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Pros and cons of altmetrics


  • Help provide a fuller picture of the use of research than citation counts alone
  • Don't just apply to journals and books. They can be used to gather information on presentations, data sets, software and other research outputs too
  • Allow measurement of early reaction to papers because social media, for example, can provide feedback on research in less time than citations in journal articles
  • Can demonstrate broader impact because they allow you to show how people from outside of academia have engaged with your work
  • Mean you can follow the trail of who has mentioned or used your research in order to discover new papers, peers or collaborators


  • Altmetrics look at how many times research is used or mentioned but not at the context. As a result, a simple altmetric count cannot be used to demonstrate the value of research alone

For example, a piece could be blogged about many times due to negative feedback

Some people feel that articles get mentioned on social media because they relate to popular topics, not because they are examples of good research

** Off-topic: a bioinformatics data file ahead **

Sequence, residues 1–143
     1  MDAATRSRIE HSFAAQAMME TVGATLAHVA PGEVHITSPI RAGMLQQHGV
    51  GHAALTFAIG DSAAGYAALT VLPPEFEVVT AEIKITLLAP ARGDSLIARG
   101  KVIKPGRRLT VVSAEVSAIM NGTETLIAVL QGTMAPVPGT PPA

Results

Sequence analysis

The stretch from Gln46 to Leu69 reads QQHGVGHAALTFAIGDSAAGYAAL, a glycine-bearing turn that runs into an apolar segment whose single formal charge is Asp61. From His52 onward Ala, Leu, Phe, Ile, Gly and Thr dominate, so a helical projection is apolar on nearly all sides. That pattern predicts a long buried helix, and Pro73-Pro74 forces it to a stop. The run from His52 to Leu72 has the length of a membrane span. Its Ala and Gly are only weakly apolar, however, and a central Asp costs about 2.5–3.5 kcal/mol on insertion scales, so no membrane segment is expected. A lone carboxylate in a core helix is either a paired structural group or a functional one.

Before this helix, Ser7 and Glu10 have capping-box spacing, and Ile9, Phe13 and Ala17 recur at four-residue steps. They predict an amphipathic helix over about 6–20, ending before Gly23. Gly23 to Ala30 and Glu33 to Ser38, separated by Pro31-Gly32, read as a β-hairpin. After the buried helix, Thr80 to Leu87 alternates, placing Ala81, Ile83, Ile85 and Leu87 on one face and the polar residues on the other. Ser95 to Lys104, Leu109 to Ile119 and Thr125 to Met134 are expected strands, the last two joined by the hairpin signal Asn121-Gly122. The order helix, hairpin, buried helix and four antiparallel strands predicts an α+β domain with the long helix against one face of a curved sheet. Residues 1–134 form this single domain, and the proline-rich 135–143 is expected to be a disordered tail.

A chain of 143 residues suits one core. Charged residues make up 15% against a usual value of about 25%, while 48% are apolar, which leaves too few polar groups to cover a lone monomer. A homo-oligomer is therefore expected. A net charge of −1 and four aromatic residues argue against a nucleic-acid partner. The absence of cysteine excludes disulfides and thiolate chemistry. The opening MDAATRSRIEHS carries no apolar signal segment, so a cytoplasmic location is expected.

• Altmetrics can be abused by individuals who want to artificially increase their altmetric scores
  • Some people question the significance of the processes altmetrics measure, arguing that Twitter, for example, is too brief a place for “serious” academic conversations and that tweets are not a useful measure of the value of a paper. For example, see Colquhoun, D. Why you should ignore altmetrics and other bibliometric nightmares. If so many articles are behind paywalls – how can people outside academia re-tweeting articles read the full article in order to verify its content and quality?

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